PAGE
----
Sole Proprietorship vs One Person Company

Last updated 9 Oct 2014 . 7 min read

For anyone wishing to start a business of their own the primary issue of the greatest importance is the legal skeleton they wish to chose upon which they wish to prop up their business. Broadly speaking there are 4 types of legal structures that can be chosen when one wishes to start their business: Self proprietorship, partnership, LLP or a company.

Each of these structures have many variations which come with their own benefits and drawbacks. Which form is chosen by an individual business ultimately depends on the characteristics and needs of the business. In this piece the author talks about what a sole proprietorship business is and examines its advantages and drawbacks. The necessities needing to be fulfilled as per law (tax & shop & establishments registrations) to start a self proprietorship are explained. Towards the end a sole proprietorship is compared with a One Person Company with similarities and differences elucidated upon.

What is a sole proprietorship?

‘Sole’ means single whilst ‘proprietorship’ means ownership. Sole Proprietorship is a business enterprise that is owned and controlled by one person who possesses the entire authority & responsibility with respect to the business. The practical implication of such an arrangement is that an owner alone gets the entire profit but he is also personally liable.  This is so as a proprietorship is not a distinct entity unto itself, rather the business and its owner are identical. This form of business is ideally suited to businesses where the nature of the business is simple and the product’s market is small. Business with small capital requirements and low levels of risk are apt for being run as sole proprietorships.

The advantages of sole proprietorship

A defining feature of sole proprietorships is the ease and informality with which it can be created and dissolved.  Since no formal registration is needed there is no cost at all in setting up a self proprietorship (except for certain tax related and business specific registrations).  Since one person owns the business and has absolute control he can always make quick decisions and be flexible as well (since even fundamental changes to the business are subject only to his will). Retention of complete control over the finances of the business all of whose profits flow to the owner means that this form of business organization gives a very strong incentive for work to the business owner. Often the sole proprietorship business model is found in lines of work where close personal relations are maintained since the sole proprietor is capable of ensuring adequate one on one relations with both employees and customers. Ensuring the safety of business secrets is also a much easier task in this form of business organization than any other.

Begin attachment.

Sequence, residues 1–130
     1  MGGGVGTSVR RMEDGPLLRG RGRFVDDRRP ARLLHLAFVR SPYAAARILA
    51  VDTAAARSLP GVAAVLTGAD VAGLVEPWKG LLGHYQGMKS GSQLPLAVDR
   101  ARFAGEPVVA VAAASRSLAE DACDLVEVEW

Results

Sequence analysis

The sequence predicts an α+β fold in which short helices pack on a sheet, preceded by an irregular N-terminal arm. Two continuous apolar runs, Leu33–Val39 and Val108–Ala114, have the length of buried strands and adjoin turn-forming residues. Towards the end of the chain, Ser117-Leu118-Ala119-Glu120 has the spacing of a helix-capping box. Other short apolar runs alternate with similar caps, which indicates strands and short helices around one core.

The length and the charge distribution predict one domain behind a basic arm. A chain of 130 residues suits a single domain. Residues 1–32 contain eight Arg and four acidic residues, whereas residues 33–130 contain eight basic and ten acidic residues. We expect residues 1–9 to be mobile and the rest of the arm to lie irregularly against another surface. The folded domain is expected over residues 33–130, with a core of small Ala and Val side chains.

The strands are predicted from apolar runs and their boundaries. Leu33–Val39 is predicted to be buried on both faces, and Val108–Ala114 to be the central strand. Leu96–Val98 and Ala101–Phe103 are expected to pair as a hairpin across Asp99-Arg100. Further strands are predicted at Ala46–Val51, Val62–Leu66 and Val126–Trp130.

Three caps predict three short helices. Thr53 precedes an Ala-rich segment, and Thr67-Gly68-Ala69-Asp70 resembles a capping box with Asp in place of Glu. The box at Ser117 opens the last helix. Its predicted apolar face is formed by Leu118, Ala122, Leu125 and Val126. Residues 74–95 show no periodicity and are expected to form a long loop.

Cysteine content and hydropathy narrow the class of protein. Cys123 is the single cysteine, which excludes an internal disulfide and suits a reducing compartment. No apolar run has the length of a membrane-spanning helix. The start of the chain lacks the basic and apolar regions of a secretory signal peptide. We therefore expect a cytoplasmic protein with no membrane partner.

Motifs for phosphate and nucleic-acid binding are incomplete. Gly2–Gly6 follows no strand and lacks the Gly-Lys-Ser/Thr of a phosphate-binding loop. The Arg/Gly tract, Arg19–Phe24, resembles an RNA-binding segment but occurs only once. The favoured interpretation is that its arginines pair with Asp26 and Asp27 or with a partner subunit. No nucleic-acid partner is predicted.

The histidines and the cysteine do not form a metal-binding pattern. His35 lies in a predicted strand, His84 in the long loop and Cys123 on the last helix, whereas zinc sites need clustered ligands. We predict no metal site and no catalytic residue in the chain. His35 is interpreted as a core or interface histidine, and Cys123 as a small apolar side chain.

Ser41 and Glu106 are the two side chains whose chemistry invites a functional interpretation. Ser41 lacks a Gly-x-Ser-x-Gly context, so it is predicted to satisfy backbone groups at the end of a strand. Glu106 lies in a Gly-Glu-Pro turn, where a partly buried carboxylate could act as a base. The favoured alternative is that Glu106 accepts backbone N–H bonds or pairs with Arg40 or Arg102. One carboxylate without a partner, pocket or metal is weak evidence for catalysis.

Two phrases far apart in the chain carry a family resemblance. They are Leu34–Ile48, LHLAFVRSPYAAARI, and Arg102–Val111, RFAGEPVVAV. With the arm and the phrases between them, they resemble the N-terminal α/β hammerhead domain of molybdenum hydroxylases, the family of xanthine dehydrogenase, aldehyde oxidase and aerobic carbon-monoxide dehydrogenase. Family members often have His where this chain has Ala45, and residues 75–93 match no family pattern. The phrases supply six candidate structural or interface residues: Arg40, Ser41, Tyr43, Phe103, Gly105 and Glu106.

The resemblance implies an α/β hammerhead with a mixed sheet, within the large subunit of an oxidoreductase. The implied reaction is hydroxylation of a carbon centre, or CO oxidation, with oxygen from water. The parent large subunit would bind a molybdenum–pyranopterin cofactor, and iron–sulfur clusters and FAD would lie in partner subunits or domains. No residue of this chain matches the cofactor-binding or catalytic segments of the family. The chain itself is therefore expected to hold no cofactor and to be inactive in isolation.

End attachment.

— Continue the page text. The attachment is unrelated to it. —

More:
Disadvantages of sole proprietorship

The problems with the sole proprietorship model of business are fourfold. Firstly, it can exist only for as long as the owner exists (an end can be put to the business by the owner’s death or insolvency). Secondly, expansion of the business beyond a certain point becomes very tough as since the proprietor cannot be an expert in every aspect of business management more employees are needed. However, good quality employees (whose long term aim is often sharing the benefits of ownership) are difficult to attract owing to the individual centric model that characterizes sole proprietorship. The third problem relates to difficulties encountered in the raising of capital by a single person. Lack of credibility is something that hinders the flow of capital and thus expansion of the size of the business notwithstanding the extent of the success of the business or its product. Lastly, sole proprietors have unlimited liability. This means that in a situation where a sole proprietor fails to meet his debts or business obligations and a lawsuit is filed by a consumer then the personal properties of the proprietor could also be disposed of to satisfy the debts.

Legal Requirements